Subduing Electrical Storms of the Heart
Day in and day out, our hearts have the seemingly endless task of pumping blood through the 62,000 miles or arteries, veins and capillaries in our bodies. Seventy or so beats a minute, 4,200 beats an hour, 100,800 beats a day---it adds up fast, and most of us never give it a moment's thought.
If your lub-dub becomes a lub-lub-a-dub or lub-a-dub-dub, however, it's going to attract attention---either yours or your doctor's. Such irregular heartbeats, called arrhythmia, occur when nerves that regulate the contraction of the heart go haywire.
Normally, a heartbeat is a highly coordinated event, directed by the sequential firing of nerves that signal each chamber of the heart to contract. When all goes well, the atrial chambers and the ventricular chambers of the heart work in sequence, pumping blood to the lungs and the rest of the body. When things go awry, the nerve signals may be delayed, or the nerves may fire more often than necessary. The chambers may not pump in proper sequence. The end result is that the heart pumps blood less efficiently.
In the case of Joel Levine of Pine Brook, New Jersey, blood flow was so disturbed that he would faint during episodes. "My arrhythmia kept getting worse, despite changes in medication," he says. "Finally, it got so bad that I was having an attack a day." This was inconvenient, to say the least. But it speaks for his skill as a home furnishings salesman that he did not lose his job despite occasionally ending up on the floor. "He would try to lie down if he knew he was going to faint," explains his wife, Anne. "There was no hiding that something was wrong."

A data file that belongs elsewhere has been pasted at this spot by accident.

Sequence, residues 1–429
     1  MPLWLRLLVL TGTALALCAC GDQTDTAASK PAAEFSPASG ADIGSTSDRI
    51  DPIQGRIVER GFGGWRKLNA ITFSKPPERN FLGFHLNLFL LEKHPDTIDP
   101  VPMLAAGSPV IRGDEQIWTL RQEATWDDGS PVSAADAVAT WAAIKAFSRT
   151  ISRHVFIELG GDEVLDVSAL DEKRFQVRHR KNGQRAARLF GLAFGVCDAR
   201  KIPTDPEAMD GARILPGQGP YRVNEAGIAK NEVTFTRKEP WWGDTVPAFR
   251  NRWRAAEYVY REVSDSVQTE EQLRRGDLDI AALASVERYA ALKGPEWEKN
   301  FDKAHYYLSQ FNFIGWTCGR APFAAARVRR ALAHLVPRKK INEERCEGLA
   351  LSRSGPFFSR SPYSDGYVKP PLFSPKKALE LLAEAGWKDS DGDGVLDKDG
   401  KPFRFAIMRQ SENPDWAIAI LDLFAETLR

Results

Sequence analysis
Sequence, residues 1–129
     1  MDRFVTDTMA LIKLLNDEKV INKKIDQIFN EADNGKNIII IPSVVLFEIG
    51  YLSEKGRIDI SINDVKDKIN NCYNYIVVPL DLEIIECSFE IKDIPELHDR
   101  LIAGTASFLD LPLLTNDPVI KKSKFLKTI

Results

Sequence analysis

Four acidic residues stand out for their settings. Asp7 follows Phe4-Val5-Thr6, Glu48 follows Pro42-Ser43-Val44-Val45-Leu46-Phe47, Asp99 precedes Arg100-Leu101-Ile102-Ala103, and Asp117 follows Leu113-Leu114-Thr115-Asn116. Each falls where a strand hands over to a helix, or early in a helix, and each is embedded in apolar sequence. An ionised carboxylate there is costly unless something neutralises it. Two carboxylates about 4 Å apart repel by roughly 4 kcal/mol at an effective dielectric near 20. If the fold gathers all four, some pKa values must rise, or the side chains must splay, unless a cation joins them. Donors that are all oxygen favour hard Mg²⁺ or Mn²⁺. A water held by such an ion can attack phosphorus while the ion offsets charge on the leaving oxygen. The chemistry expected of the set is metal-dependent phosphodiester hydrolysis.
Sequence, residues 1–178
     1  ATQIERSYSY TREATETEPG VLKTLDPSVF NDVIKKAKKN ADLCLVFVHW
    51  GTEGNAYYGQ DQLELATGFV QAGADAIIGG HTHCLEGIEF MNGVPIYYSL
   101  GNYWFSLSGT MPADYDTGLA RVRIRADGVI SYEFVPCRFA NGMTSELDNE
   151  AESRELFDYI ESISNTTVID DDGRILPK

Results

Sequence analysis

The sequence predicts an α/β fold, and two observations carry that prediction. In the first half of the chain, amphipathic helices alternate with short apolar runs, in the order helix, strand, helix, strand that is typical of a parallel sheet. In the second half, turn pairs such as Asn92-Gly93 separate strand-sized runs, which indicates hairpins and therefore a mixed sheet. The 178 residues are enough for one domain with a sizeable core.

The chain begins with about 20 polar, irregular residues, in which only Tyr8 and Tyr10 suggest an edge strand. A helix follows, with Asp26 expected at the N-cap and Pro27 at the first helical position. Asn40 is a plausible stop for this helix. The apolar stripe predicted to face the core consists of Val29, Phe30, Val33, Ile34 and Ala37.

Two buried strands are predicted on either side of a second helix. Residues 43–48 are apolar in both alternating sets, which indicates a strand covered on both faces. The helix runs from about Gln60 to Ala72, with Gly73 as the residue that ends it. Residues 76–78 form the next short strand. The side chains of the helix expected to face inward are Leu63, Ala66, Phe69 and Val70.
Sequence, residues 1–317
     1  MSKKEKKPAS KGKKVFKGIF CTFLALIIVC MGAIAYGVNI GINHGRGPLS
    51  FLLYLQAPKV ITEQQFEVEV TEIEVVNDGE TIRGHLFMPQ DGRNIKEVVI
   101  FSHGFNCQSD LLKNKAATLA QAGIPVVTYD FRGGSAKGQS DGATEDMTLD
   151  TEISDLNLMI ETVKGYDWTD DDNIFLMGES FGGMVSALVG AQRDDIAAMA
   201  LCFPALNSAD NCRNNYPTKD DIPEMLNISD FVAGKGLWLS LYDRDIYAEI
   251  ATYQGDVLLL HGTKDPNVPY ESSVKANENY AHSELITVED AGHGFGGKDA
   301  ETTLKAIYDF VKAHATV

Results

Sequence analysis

Arrhythmia comes in all sorts of variations. Some types, such as atrial fibrillation (chaotic, quivering contractions), the kind Joel Levine had, may be upsetting. But since they rarely cause serious symptoms, they're not likely to kill you. Other types, such as ventricular fibrillation, are deadly.
"People with serious arrhythmia are usually under a doctor's care," says Michael A. Brodsky, M.D., associate professor of medicine at the University of California, Irvine, and director of the Cardiac Electro physiology/Arrhythmia Service at the University of California, Irvine, Medical Center. Indeed, it's often a doctor who discovers the problem, since arrhythmia frequently has no apparent symptoms, he adds.
What makes the heart get out of sync? In serious cases, disease of the coronary arteries or heart muscle is the most likely cause, Dr. Brodsky says. But in some cases, and often in conjunction with heart disease, mineral imbalances interfere with the heart's normal nerve function.